What Reviewers Want (Part 2)

Artist's conception of a book reviewer

[This is a golden oldie—it ran on Indies Unlimited back on October 10, 2011.]

In part 1 of this series, we discussed what reviewers want to see (and do not want to see) from authors as regards actual writing. All that stuff is what constitutes the middle of the relationship between an author and a reviewer. There is something more to the relationship on either end.

The relationship begins with the submission of your magnum opus to the reviewer. Next you wait. You keep waiting. You check their website and still don’t see anything. Over an hour has passed, and you are starting to get nervous. My advice (and it really is mine alone—all the reviewers I interviewed were too polite to bring this up), is to keep waiting. Do not call. Do not e-mail. Do not fax. Do not “check in” to see how they like it so far.  Find something else to occupy your mind and your time, because it may take a while. Continue reading “What Reviewers Want (Part 2)”

I will survive – ‘ReKindled’ version

I will survive – ‘ReKindled’ version.’

Dedicated to the team at Indies Unlimited who have guided me through the maze of Google Plus, Stumble On, Diggit, Twitter and Facebook to mention a few of the tutorial subjects that have helped me become a social networking genius.

At first I was afraid
I was petrified
Kept typing promo emails
With wine gums by my side
And then I spent so many nights
Thinking I was going wrong
But I grew strong
And I learned how to get along
Thanks to this site
In cyber space
I signed up to find some help
And found some clever folk who’re ace
I should have checked them out before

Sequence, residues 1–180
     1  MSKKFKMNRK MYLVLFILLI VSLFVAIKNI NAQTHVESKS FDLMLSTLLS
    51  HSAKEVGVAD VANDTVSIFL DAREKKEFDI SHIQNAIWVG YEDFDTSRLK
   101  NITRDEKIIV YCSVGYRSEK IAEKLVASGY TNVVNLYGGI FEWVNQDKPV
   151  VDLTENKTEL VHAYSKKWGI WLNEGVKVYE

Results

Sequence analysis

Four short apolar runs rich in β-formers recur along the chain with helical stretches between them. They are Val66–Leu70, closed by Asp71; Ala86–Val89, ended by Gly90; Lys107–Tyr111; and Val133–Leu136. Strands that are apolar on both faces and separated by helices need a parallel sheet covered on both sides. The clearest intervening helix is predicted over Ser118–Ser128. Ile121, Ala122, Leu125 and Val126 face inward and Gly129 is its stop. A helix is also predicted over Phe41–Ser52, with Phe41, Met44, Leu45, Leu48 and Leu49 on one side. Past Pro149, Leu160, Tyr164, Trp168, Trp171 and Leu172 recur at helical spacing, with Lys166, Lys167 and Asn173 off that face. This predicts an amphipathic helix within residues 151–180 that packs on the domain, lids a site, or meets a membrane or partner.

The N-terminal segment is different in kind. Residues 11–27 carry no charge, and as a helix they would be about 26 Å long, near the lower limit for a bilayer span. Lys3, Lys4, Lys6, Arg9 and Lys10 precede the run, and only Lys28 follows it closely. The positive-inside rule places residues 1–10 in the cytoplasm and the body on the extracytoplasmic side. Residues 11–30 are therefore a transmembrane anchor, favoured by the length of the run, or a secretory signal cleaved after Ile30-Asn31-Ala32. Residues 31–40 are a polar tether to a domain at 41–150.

I should have read all helpful posts
If I’ve have known for just one second
They were such accommodating hosts
So thanks to Hise
And KS Brooks
I have recently
Learned to pimp my fellow author’s books
Weren’t they the ones who tried to tutor me, oh my!
Did you think I would Stumble
Did you think I’d fall down and cry?
Oh no, not I
I will survive
Oh, as long as I have my laptop
I know I’ll stay online
I’ve got lots of likes, oh look
On my page now on Facebook
And I’ll survive
I will survive, hey hey.
It took all the strength I had
Not to fall apart
Kept trying hard to understand
Tech lessons and all that craft
And I spent oh so many nights
Just struggling with their tips
I used to sigh
But now I hold my head up high
And you see me
Somebody new
I’m not that confused aged person
Now I’m feeling ‘phew!’
I can tweet loud like a crow
I can share with all my mates*
And now I know how to promote
So many peeps in cyber space.
Come on and try
For goodness sake
Get mingling with us
You won’t make more mistakes
Weren’t you the agent who tried to break me with ‘goodbye’
Did you think I’d crumble?
Did you think I’d lay down and cry?
Oh no, not I
I will survive
Oh, as long as I have my laptop
I know I’ll stay online
I’ve got lots of likes, oh look
On my page now on Facebook
And I’ll survive
I will survive
I will survive…

*mates – British slang for ‘friends’

Apologies to Gloria Gaynor but just be thankful I didn’t post a YouTube video of me singing this.

Want to sing along? You can!